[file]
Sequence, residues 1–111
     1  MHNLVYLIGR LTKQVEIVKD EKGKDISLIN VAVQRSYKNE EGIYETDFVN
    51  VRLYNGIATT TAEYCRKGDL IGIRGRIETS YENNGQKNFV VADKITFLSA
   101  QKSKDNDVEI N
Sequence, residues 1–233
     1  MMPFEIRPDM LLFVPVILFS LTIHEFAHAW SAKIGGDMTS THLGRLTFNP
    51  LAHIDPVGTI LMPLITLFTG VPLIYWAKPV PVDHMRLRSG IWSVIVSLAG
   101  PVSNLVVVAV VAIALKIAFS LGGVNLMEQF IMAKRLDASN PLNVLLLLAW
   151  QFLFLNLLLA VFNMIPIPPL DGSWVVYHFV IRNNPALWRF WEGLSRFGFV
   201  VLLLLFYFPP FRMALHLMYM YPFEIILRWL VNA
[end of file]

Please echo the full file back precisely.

Sequence, residues 1–111
     1  MHNLVYLIGR LTKQVEIVKD EKGKDISLIN VAVQRSYKNE EGIYETDFVN
    51  VRLYNGIATT TAEYCRKGDL IGIRGRIETS YENNGQKNFV VADKITFLSA
   101  QKSKDNDVEI N
Sequence, residues 1–233
     1  MMPFEIRPDM LLFVPVILFS LTIHEFAHAW SAKIGGDMTS THLGRLTFNP
    51  LAHIDPVGTI LMPLITLFTG VPLIYWAKPV PVDHMRLRSG IWSVIVSLAG
   101  PVSNLVVVAV VAIALKIAFS LGGVNLMEQF IMAKRLDASN PLNVLLLLAW
   151  QFLFLNLLLA VFNMIPIPPL DGSWVVYHFV IRNNPALWRF WEGLSRFGFV
   201  VLLLLFYFPP FRMALHLMYM YPFEIILRWL VNA